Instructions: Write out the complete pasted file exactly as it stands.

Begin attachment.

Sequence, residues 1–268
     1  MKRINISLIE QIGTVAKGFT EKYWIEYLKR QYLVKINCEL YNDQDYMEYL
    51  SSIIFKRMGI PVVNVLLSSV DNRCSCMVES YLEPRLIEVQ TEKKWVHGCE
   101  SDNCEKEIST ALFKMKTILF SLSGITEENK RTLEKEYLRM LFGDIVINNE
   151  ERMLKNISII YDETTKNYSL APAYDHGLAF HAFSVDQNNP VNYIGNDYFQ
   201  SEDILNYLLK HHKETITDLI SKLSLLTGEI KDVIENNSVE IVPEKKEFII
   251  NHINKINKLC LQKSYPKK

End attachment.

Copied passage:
Sequence, residues 1–268
     1  MKRINISLIE QIGTVAKGFT EKYWIEYLKR QYLVKINCEL YNDQDYMEYL
    51  SSIIFKRMGI PVVNVLLSSV DNRCSCMVES YLEPRLIEVQ TEKKWVHGCE
   101  SDNCEKEIST ALFKMKTILF SLSGITEENK RTLEKEYLRM LFGDIVINNE
   151  ERMLKNISII YDETTKNYSL APAYDHGLAF HAFSVDQNNP VNYIGNDYFQ
   201  SEDILNYLLK HHKETITDLI SKLSLLTGEI KDVIENNSVE IVPEKKEFII
   251  NHINKINKLC LQKSYPKK